Implemented to ensure Hong Kong’s return to stability the law includes several restrictions on actions and criminalization of acts of vandalism of public transport facilities, crimes of secession, subversion and, acts of “terrorism” as well as “collusion with foreign forces”. The law also establishes that Beijing will install a new security office in Hong Kong with its own law enforcement personnel with the jurisdiction to send some cases to be tried in Mainland China. Although the law states that this will only be possible in a “tiny number of cases”, this is clearly a measure which directly undermines the results of the protests against the extradition law the year before. The law further states that authorities have the right to hold trials behind closed doors, as well as the right to put criminal suspects under constant surveillance based on suspicion only. 

2021: Electoral reform to ensure patriotic leadership
The political system in Hong Kong has never been a purely democratic one. After escaping the colonist rule by the British, Hong Kong reunited with China on the condition that they would answer to China through a “one country, two systems” solution, enjoying the protection and free trade with a bigger nation, whilst still being able to govern over and shape politics in their own area. It is unclear whether Hong Kong at the time was thoroughly aware of the limits the “one country, two systems” policy would put on the popular dream of developing a fully democratic electoral system. 

March 11th 2021 Beijing announced their intentions of reform-ing the electoral system in Hong Kong at the 13th National People’s Congress, once more tightening its grip around the HKSAR in the name of promoting national stability and peace. Passed by an overwhelming majority of votes in congress, China’s top legislature has decided that the HKSAR are to establish a broadly representative Election Committee of 15000 members responsible for electing the Chief Executive, and now also a part of the members of the Legislative Council. Candidates must be nominated by at least 15 members in each of 5 specified occupational sectors, which by critics is feared to restrict nominations to only pro-Beijing candidates, making it even harder for pro-democracy representatives to be represented in the Legislative. 

A mass rally in Hong Kong 2019, a scene one would not be able to witness during a world pandemic. Photo: Jonathan van Smith //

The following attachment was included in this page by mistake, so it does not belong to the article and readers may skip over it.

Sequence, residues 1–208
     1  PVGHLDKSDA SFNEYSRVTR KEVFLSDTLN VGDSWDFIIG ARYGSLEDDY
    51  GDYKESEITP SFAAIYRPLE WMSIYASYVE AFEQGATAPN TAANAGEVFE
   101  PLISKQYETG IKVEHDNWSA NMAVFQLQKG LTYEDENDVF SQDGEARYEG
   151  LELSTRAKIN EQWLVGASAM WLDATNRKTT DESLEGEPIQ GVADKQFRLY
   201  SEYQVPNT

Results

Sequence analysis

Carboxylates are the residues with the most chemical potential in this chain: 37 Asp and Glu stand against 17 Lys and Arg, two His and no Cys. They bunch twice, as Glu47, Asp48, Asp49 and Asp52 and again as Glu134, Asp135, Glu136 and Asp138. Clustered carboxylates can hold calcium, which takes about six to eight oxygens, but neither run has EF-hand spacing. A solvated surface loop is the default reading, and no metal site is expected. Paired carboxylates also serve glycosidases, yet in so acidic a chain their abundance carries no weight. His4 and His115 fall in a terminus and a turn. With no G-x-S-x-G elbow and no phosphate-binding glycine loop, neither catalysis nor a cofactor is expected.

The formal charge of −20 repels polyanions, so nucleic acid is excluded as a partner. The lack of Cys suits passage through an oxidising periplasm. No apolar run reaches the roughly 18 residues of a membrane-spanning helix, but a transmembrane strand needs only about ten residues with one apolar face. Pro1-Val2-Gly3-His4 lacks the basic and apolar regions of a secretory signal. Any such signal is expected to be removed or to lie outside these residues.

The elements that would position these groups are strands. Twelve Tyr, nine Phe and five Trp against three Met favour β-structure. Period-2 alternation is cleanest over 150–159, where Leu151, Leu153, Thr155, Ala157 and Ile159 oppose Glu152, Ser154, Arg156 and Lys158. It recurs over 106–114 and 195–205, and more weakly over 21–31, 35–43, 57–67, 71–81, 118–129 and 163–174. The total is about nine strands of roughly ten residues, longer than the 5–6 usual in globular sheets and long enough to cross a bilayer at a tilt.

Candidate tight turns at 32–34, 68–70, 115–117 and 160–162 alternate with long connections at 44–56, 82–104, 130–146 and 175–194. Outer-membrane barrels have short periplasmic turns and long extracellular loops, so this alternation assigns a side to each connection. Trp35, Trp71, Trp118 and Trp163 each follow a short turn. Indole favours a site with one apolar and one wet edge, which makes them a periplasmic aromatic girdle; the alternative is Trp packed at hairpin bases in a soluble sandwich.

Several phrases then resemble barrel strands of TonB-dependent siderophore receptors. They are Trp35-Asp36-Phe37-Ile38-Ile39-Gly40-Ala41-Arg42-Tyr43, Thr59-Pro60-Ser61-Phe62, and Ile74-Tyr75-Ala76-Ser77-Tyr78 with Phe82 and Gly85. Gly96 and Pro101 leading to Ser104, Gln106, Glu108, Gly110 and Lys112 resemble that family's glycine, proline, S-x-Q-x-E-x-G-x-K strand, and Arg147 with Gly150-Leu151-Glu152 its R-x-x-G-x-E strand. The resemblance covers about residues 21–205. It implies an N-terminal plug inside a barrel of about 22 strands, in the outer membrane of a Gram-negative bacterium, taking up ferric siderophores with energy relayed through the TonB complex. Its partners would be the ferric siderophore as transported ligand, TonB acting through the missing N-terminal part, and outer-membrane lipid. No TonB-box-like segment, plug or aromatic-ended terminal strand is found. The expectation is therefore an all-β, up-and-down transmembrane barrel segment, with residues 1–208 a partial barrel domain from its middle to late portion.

Upon announcing the decision of an electoral reform for the HKSAR Current Chief Executive Carrie Lam stated in a press conference that: “the new system will be designed to endure that whoever is administering Hong Kong is patriotic, and this is the only right in terms of political ethics.” The changes to the electoral system will also be accompanied by a strengthened vetting mechanism which will be put in place for confirming the qualifications of candidates for the Election committee. A vetting mechanism as such could function as a background check to identify sufficiently patriotic candidates, and may well also be used as a mechanism to remove or prevent individuals from public service which the government would regard as non-patriotic, or toxic for the well-being of Hong Kong. 

What lies in the future for Hong Kong?
Although implemented in the name of promoting Hong Kong citizen’s security and stabilization of the region, both the new Security Law of 2020 and the proposed changes to the electoral system of the Hong Kong Legislative Council seems to me as a step backwards for the western sense of democratic development. After the implementation of the law several pro-democracy politicians and instigators of the protest movements have been investigated and detained for “encouraging foreign interference in Hong Kong” and supporting the region’s independence from China. As a result of the new national security law these candidates political activists do not only face the risks of long prison sentences, they will also never be able to run for office in the future. 

Meanwhile as fractions of Hong Kong’s educational and political elite debate whether the overhaul of the electoral system is in the best interest of Hong Kong, what about the people? In fear of the spreading of the virus and bound by restrictions and rules of social distancing, the citizens of Hong Kong have not had a fair shot at voicing their opinions of the new changes to their society through protests in a similar fashion as during the extradition bill- protests of 2019. Social media has indeed provided the modern society with a great platform to voice our political opinions. However, with the Security Law of 2020 still being quite new, and following the detention and persecution of several members of the opposition, it has been reported that people in Hong Kong are hesitant to appear as being “too critical” towards the government online in fear of being labeled as a un-patriotic, or put under suspicion of harmful activities. 

As the world entered a deep hibernation, and the international focus shifted away from the situation in Hong Kong, life-changing political measures were implemented in the midst of the quiet. I dare to suggest that the implementa-tion of the new Security Law as well as the changes to the political system in the HKSAR will limit future opportunities for political opposition. If we are to view western standards of a participatory democracy as the ultimate ending point for political reform, then the recent developments could be viewed as an immense roadblock, or even a “reverse button” yanking the democratic development of Hong Kong back to situation of the late 90’ies. ■